Malaysian companies converting London’s Battersea Power Station into a luxury apartment complex with sale prices as high as $50 million are part of a record syndicated-loan rush by borrowers from the Asian nation.
A consortium led by SP Setia Bhd. (SPSB) and Sime Darby Bhd. is seeking as much as 2 billion pounds ($3.4 billion) from local and international banks to renovate the derelict site on the River Thames. Borrowers led by SapuraKencana Petroleum Bhd. (SAKP) raised $7.2 billion of syndicated loans this year, more than tripling from a year earlier and the busiest start since Bloomberg began tracking the data in 2002.
“The Malaysian loan market has been growing because of increasing outbound acquisitions,” Bryan Liew, the Singapore-based head of Southeast Asia loan syndications at Standard Chartered Plc, said in an April 14 interview. “There are a few blockbuster issues such as SapuraKencana’s loan which can sustainably provide volume growth.”
Foreign acquisitions by Malaysian-based companies since Dec. 31 reached the highest for any similar period since 2010 amid favorable borrowing conditions for dollar-denominated debt. Average margins for Asean loans in the currency during the period were 69 basis points lower than for the whole of 2013, while yields for top-rated five-year ringgit bonds rose this month to the highest since July 2010.
SP Setia, Malaysia’s biggest publicly traded property developer by sales, and Sime Darby asked banks to submit pitches for Battersea by the end of this month for a facility of up to 10 years, two people familiar with the matter said on April 9. They bought the site from liquidators in July 2012, with each taking a 40 percent stake. Employees Provident Fund, Malaysia’s biggest pension fund, held the remainder.
The consortium detailed plans to develop homes, offices and shops whose value it estimates at 8 billion pounds on the south London building, which adorned Pink Floyd’s 1977 “Animals” album cover. The power station with four iconic 103-meter-high chimneys has remained vacant since closing in 1983.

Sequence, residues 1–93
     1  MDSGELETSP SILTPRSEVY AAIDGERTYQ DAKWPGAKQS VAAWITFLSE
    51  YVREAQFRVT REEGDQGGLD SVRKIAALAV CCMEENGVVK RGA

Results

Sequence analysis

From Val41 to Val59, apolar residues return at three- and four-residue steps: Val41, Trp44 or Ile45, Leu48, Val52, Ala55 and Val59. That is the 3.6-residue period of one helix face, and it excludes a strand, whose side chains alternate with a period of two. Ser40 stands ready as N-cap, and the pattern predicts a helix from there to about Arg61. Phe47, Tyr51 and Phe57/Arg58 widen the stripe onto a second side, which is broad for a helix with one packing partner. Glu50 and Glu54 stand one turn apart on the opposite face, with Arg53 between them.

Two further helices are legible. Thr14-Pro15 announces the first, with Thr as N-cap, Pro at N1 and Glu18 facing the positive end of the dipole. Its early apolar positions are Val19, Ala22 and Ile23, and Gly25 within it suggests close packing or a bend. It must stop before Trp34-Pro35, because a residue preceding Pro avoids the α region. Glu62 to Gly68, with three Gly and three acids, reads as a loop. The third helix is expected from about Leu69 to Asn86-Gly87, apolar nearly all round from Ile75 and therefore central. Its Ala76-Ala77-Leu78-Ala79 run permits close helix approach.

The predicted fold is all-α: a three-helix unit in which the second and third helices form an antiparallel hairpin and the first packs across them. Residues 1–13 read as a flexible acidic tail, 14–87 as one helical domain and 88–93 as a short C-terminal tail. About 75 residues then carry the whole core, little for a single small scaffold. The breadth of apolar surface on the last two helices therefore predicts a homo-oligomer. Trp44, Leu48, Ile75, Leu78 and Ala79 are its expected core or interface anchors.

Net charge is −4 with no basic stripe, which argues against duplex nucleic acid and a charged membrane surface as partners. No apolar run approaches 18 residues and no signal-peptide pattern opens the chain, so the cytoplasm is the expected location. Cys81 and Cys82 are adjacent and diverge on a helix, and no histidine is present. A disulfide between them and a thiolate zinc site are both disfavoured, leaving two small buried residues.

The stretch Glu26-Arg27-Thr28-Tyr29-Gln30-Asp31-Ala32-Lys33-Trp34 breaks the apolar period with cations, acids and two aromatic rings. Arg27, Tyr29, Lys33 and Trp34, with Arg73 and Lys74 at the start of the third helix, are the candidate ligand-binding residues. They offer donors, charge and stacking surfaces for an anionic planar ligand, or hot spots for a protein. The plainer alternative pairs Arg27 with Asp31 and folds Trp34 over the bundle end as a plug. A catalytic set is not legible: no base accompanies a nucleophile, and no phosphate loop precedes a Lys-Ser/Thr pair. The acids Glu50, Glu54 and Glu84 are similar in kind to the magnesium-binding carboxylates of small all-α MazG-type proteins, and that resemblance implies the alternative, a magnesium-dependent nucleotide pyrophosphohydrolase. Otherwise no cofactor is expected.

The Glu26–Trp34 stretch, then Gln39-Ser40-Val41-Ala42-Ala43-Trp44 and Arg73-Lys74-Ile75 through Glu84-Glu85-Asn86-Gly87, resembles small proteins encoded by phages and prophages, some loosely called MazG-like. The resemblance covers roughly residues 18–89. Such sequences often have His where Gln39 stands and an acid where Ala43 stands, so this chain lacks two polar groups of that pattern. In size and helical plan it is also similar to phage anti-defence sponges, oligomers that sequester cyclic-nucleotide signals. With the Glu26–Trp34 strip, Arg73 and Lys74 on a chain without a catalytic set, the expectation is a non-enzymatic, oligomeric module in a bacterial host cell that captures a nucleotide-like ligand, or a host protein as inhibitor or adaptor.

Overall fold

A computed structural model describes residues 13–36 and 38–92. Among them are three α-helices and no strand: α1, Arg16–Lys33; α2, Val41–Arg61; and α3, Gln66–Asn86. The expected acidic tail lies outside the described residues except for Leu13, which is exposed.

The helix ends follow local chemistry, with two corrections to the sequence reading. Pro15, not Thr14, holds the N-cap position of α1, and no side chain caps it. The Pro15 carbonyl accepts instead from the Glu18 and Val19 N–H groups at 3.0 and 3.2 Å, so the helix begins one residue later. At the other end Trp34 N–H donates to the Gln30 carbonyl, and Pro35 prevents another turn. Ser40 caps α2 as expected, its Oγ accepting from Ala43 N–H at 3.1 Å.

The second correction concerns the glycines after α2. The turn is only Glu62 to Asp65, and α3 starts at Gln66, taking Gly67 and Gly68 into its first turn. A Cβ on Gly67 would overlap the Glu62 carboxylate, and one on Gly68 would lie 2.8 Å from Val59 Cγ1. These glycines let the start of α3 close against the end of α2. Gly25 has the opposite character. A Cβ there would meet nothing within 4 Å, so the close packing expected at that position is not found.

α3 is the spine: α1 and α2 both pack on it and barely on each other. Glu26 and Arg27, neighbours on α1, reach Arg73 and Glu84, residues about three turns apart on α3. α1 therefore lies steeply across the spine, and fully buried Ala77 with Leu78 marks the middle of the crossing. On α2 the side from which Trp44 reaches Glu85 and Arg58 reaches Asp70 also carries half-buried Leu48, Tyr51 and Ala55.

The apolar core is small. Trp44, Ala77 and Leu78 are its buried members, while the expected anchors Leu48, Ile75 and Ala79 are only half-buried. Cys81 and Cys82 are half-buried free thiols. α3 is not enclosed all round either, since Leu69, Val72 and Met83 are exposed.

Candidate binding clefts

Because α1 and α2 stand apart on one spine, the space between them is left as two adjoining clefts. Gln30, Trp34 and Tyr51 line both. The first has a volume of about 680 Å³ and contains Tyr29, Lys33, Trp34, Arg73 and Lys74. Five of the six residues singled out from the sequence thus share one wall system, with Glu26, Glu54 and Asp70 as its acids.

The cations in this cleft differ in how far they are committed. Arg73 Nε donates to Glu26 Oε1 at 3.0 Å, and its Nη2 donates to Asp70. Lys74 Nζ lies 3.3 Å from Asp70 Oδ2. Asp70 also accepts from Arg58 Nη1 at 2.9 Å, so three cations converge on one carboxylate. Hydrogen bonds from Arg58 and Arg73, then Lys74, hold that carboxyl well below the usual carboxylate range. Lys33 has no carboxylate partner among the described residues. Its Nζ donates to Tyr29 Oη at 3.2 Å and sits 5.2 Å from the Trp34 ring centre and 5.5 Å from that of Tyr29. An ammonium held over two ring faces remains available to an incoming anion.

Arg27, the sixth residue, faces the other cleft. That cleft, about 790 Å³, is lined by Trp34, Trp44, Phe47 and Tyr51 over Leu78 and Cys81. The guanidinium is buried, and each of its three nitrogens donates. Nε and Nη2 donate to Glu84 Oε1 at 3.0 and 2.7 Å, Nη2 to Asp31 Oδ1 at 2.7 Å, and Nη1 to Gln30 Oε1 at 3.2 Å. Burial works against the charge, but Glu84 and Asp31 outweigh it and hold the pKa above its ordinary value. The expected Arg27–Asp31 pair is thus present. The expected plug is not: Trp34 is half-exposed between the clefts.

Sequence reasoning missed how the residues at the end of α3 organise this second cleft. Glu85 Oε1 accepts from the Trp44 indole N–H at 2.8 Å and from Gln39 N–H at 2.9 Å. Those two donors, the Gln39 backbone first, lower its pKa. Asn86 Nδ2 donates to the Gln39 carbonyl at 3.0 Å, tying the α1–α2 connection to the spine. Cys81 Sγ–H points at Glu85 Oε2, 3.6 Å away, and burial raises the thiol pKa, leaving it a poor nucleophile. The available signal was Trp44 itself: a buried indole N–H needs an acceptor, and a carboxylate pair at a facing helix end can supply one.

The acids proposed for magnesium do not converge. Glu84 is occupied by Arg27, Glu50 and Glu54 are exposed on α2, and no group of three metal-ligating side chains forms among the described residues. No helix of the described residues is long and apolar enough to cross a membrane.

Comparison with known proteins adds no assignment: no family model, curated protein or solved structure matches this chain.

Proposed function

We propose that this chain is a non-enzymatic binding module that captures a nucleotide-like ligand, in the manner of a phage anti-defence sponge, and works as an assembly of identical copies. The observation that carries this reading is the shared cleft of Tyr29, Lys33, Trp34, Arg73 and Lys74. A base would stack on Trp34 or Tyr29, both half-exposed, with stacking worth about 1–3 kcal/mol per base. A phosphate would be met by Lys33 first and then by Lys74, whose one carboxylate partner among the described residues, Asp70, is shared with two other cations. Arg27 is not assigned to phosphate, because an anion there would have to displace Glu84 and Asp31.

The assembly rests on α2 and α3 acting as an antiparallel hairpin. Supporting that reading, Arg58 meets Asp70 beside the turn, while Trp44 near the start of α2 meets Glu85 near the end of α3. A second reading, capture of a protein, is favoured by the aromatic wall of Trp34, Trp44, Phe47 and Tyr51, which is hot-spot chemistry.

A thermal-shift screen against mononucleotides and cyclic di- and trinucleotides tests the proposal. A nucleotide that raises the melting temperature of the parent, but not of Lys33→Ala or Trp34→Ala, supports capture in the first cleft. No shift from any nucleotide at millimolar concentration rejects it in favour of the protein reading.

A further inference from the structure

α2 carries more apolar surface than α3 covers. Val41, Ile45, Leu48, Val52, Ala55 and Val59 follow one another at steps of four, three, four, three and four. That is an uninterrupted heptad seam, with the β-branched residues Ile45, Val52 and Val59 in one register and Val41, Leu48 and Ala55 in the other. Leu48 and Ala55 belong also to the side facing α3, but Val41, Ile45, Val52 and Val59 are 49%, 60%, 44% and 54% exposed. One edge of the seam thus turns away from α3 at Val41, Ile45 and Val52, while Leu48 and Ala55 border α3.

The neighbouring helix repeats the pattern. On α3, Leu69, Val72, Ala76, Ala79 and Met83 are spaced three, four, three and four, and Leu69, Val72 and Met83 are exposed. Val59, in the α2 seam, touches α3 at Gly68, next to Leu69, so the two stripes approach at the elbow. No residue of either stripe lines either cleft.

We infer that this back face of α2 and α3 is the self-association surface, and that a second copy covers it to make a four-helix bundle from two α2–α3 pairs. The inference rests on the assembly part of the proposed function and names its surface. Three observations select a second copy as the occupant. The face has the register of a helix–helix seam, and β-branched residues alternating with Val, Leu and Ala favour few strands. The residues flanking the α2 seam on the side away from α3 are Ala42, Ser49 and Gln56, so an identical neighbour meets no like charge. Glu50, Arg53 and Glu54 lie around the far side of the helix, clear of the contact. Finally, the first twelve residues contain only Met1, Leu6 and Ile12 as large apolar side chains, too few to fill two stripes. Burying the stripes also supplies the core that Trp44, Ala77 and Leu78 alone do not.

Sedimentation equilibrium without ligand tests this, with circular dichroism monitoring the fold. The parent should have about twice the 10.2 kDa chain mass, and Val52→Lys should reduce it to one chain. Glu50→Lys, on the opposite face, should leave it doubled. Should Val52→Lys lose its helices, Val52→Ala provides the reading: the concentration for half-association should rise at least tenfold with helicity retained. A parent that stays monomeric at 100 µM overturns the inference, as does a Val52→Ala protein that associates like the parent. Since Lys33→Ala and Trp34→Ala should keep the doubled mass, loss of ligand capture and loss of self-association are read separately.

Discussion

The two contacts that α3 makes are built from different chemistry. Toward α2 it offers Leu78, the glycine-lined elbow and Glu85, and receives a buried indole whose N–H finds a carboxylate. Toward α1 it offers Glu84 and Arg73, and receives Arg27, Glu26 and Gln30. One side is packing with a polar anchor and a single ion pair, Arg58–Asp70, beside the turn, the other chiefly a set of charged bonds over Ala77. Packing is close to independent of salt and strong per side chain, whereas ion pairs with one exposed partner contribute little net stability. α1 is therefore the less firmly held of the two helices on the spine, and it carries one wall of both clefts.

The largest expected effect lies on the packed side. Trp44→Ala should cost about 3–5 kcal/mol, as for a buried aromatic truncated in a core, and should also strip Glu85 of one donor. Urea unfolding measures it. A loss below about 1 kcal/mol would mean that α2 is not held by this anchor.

SapuraKencana, Malaysia’s largest oil and gas services company, has been among the nation’s most acquisitive borrowers. It bought part of Seadrill Ltd.’s business for $2.9 billion last year to become the world’s largest operator of tender rigs, the support platforms for drilling rigs. In February, it completed an $898 million purchase of Texas-based Newfield Exploration Co.’s stakes in offshore Malaysian fields.
SapuraKencana signed a $4.8 billion syndicated loan in March to help pay for the purchases, Bloomberg-compiled data show. It’s the biggest deal in the Asia-Pacific region outside Japan this year, and helped push Asean first-quarter loan volumes to a record $22.6 billion, the data show.
“Malaysian companies are more confident of expanding overseas because of the accessibility to the dollar loan market and the current attractive pricing resulting from the healthy supply of capital, both locally and overseas,” Seohan Soo, the head of debt capital markets at Kuala Lumpur-based AmInvestment Bank Bhd. said in an April 15 interview. “Their solid credit profile also enables them to get loans at cheaper cost compared to some of their counterparts in the region.”
Malaysia’s outbound acquisition volumes rose to $1.4 billion this year from $1.2 billion in the same period in 2013, according to data compiled by Bloomberg. Companies signed about $4.8 billion of acquisition loans in 2013, up from $4.4 billion in 2012, the data show.
Southeast Asia’s third-largest economy grew at the fastest pace in four quarters in the three months ended December as a recovery in advanced nations including the U.S. boosted demand for the country’s goods. The central bank has held the benchmark rate at 3 percent since May 2011, with twelve of 17 economists surveyed by Bloomberg predicting an increase of at least 25 basis points this year.
“We expect credit demand to remain healthy and loan growth to pick up, underpinned by the progress of long-gestation projects under various economic programs,” said Wendy Ting, the head of corporate banking at RHB Bank Bhd.
Prime Minister Najib Razak unveiled a plan in 2010 to attract $444 billion of local and foreign private sector-led investment in Malaysia by the end of this decade. Foreign direct investment into the country climbed more than 24 percent in 2013 to a record 38.8 billion ringgit ($11.9 billion) from a year earlier, government data showed.
Average loan-to-deposit ratios range from 85 percent to 90 percent, allowing institutions to expand net loans, according to RHB’s Ting. Apart from acquisitions, capital intensive oil and gas industries as well as infrastructure projects will be drivers of Malaysia’s loan market this year, she said.
MISC Bhd., the world’s second-largest shipper of liquefied natural gas, has approached its relationship banks for a self-arranged $700 million seven-year term loan to refinance debt, people familiar with the matter said April 9.
“Corporate loans have been growing at about 11 percent annually in the past five years in Malaysia,” AmInvestment Bank’s Soo said. “The pace should continue this year, driven by refinancing, acquisitions and project funding.”
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